Facebook fined $5 billion over Cambridge Analytica privacy violations
The US Federal Trade Commission has voted to approve a fine of about $5 billion for Facebook over privacy violations, the Wall Street Journal has reported.
Facebook declined to comment on the story which said the 3-2 vote broke along party lines, with Republicans in support and Democrats in opposition to the fine.
The FTC report has been moved to the Justice Department for review, per the report. It is not clear how long it will take to finalise.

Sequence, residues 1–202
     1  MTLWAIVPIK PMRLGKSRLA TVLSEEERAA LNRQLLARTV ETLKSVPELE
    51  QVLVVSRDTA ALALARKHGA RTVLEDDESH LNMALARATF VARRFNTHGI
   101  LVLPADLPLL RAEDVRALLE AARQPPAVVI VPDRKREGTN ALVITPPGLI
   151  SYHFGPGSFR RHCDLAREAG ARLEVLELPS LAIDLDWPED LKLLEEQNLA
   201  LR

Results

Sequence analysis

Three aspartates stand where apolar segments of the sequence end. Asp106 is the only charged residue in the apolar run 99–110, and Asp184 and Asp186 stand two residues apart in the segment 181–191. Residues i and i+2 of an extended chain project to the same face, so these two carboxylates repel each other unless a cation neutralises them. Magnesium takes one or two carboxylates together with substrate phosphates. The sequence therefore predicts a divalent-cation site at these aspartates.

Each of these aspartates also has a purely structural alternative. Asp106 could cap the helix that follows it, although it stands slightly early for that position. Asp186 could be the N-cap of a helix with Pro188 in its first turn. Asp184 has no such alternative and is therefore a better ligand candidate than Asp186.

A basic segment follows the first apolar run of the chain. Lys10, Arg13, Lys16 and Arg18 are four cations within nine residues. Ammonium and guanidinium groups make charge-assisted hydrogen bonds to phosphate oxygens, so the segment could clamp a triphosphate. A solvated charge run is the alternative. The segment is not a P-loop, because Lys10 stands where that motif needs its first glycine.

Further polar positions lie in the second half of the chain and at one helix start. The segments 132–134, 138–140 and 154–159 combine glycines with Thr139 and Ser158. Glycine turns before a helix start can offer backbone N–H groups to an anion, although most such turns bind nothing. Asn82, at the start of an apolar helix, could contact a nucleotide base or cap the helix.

The fine would be the largest the FTC has levied on a technology company.
But it will not make much of a dent for Facebook, which had nearly $56 billion in revenue last year.
The report did not say what else the settlement includes beyond the fine, though it is expected to include limits on how Facebook treats user privacy.
Since the Cambridge Analytica debacle erupted more than a year ago and prompted the FTC investigation, Facebook has vowed to do a better job corralling its users’ data.
Nevertheless, its controls have remained leaky. For example, it also acknowledged giving big tech companies like Amazon and Yahoo extensive access to users’ personal data, in effect exempting them from its usual privacy rules.
And it collected call and text logs from phones running Google’s Android system in 2015.